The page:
Pediatric physical therapy helps kids improve their range of motion, strength, flexibility, and movement patterns. PT supports children with how and when to move their bodies; it should look and feel like play. Here are some fun springtime activities that can be used to incorporate physical therapy into your child’s day.
Physical Therapy in the Outdoors
After a long winter, spring is the time of year we all look forward to taking advantage of the outdoors. As our lives become busier, this does not always come easy, but making a commitment to get the family outside for at least 10 minutes a day will be well worth it. Getting outdoors is a great way to work towards your physical therapy goals. You can work on strengthening your calf muscles, necessary for jumping and hopping, by going up onto your toes to pick leaves or flowers off of a tree. Strengthen your leg muscles when planting flowers or a garden by maintaining a squat position. Improve your cardiac endurance and agility by running to fly a kite. Climbing playground equipment is a great overall body strengthener. Playing “red light, green light” works on balance reactions and body regulation. Walking on wooden boarders around playgrounds are like walking on a balance beam. Walking on a balance beam encourages a child to walk with their toes pointed forward if they typically point out. Incorporate running, ball skills, and hand-eye coordination by playing a Wiffle or kick ball game. Add some core strengthening by doing animal walks (bear, frog, horse, or duck) between the bases instead of running. Improve balance by balancing on 1 leg by lifting 1 foot up to pop bubbles with your toes. Jumping rope, dribbling a basketball or soccer ball, skipping, and galloping are all ways to improve coordination. Work on catching skills by starting with a balloon, move to a larger ball slightly deflated, continue to progress with decreasing the size of the ball you are using. Practice jumping by drawing hopscotch on the sidewalk. You could also draw an agility ladder with chalk. Ladder drills can help your speed (your ability to move in one direction as fast as possible), agility (your coordination and ability to accelerate, decelerate, and change directions), and quickness (to react or switch positions quickly). Check out this link for agility ideas: https://gustavus.edu/athletics/conditioning/agility/06%20Ladder%20Drills%20for%20Speed%20Development%20xl%20athlete.pdf.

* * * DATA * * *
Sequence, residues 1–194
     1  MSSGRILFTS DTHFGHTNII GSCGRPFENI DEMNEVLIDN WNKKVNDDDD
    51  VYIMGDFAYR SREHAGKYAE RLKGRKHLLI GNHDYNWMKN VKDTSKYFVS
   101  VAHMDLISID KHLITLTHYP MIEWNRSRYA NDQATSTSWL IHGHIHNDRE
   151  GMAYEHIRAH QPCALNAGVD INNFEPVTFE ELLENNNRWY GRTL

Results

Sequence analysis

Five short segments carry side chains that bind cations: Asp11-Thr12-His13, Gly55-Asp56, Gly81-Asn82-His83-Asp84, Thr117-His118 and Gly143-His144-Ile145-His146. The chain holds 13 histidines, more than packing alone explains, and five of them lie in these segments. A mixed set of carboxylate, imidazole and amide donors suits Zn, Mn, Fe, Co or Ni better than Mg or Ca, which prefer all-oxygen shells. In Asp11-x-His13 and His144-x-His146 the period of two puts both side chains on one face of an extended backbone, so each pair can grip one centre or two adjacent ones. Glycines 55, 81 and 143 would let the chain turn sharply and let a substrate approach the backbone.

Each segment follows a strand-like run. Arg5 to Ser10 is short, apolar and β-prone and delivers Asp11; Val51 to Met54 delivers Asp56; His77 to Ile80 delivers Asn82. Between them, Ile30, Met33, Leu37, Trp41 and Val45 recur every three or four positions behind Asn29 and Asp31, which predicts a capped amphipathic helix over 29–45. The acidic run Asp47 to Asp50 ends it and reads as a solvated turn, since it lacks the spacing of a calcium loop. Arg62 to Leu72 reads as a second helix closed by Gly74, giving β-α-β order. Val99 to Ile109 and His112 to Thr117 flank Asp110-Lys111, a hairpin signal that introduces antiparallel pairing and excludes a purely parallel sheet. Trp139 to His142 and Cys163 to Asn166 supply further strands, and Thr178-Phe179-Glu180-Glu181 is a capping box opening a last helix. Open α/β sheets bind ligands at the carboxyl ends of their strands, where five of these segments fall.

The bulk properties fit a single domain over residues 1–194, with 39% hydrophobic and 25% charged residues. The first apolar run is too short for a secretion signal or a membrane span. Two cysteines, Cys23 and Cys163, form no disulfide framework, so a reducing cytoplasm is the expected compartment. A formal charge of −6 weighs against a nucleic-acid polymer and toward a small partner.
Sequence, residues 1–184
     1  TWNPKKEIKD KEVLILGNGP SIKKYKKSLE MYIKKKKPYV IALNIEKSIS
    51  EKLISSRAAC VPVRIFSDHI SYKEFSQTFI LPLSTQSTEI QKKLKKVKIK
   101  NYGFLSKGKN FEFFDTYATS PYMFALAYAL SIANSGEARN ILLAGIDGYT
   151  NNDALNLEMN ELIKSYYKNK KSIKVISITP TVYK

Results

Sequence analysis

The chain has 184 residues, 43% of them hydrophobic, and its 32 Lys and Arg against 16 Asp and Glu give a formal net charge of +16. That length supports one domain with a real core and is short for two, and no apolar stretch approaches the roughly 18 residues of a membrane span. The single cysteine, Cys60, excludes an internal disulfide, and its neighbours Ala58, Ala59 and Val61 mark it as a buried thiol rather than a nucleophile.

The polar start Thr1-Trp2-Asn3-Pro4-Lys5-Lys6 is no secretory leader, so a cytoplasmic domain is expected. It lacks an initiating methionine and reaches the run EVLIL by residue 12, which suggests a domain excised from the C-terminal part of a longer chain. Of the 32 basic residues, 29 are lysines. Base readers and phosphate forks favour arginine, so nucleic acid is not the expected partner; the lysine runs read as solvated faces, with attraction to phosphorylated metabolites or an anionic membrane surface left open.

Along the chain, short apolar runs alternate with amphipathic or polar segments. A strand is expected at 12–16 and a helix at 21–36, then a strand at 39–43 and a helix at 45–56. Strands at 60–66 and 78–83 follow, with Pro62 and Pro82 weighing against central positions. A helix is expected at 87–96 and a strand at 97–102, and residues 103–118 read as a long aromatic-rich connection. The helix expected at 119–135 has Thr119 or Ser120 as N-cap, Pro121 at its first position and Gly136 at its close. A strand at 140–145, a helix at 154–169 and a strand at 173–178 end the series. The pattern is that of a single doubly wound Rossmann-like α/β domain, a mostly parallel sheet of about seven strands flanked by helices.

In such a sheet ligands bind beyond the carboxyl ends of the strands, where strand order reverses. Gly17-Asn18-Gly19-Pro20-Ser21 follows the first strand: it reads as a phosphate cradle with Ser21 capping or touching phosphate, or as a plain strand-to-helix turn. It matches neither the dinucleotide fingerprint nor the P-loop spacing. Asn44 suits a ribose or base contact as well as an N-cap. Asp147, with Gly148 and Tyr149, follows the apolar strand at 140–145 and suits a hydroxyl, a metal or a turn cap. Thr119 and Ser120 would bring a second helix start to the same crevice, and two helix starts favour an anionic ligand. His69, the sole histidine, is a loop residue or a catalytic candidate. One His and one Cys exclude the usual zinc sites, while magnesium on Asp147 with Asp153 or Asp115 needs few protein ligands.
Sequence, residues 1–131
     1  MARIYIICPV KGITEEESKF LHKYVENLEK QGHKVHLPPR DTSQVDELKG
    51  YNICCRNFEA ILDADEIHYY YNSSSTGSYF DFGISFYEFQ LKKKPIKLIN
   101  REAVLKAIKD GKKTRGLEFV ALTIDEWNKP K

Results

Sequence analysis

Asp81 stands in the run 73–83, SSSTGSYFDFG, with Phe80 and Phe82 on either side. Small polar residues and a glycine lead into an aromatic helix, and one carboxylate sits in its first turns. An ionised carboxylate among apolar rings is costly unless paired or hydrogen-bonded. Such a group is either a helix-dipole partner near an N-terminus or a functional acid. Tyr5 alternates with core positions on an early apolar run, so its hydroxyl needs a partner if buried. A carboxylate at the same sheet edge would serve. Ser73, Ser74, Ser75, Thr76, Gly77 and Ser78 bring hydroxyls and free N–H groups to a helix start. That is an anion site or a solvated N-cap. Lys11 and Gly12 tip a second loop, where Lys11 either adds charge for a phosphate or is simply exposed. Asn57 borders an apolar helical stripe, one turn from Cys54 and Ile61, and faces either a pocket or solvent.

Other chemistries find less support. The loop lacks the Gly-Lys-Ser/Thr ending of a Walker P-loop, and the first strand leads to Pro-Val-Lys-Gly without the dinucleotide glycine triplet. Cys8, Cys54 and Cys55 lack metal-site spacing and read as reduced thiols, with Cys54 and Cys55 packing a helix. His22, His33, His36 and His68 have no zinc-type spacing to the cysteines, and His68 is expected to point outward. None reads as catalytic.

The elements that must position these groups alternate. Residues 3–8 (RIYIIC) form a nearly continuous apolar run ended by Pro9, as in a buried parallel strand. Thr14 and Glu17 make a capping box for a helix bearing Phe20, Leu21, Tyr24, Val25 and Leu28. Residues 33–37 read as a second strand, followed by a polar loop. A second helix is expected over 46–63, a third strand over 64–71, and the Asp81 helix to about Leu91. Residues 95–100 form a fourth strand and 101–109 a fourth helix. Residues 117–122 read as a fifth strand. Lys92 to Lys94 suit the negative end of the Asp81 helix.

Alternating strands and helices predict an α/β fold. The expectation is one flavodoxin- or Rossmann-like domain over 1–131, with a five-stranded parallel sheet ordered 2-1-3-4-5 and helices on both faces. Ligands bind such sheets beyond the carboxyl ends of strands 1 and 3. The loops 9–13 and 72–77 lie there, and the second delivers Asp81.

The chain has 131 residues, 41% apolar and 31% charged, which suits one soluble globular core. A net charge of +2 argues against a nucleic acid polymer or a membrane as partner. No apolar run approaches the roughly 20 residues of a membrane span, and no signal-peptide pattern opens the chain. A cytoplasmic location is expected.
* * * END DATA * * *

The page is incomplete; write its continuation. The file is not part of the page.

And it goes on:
Rainy Day Indoor Obstacle Course
Keep your family moving on those rainy spring days by setting up an indoor obstacle course. Obstacle courses can help improve your balance, coordination, strength and motor planning. Create a paper maze by randomly criss-crossing crepe paper or yarn through a hallway to step over or crawl under. This will challenge balance, coordination, and motor planning. Improve leg strength and balance by lining up cushions or pillows on floor to step or jump between to avoid the “Lava floor”. Increase your balance by making Balance trails by placing painter’s tape in a straight line, zig zags, circles, triangles, letters or numbers on the floor to make a “balance beam” to walk across. Increase the balance challenge by getting the “balance beam” up off the floor by rolling up a yoga mat, beach towel, or blanket. To work on single leg balance, elevate a pool noodle or broom stick off of the floor to step over. Increase the height of the object to increase how long you need to balance on one foot. Tunnels – Make your own tunnel by lining up a row of chairs or small tables and place a blanket or sheet over it to crawl through. Add resistance by adding some pillows to crawl over. Crawling, at any age, strengthens core muscles and can help calm the nervous system, particularly when resistance is added. Think outside the box when doing obstacle courses – do the course backwards, or sideways. Add brain challenges by making rules, like when you go through the tunnel you have to recite the ABC or answer a math problem. Consider adding a timer to keep it motivating. See if they can beat their last time or set a time restriction, or by asking your child to “freeze” and/or change directions at certain parts of the obstacles.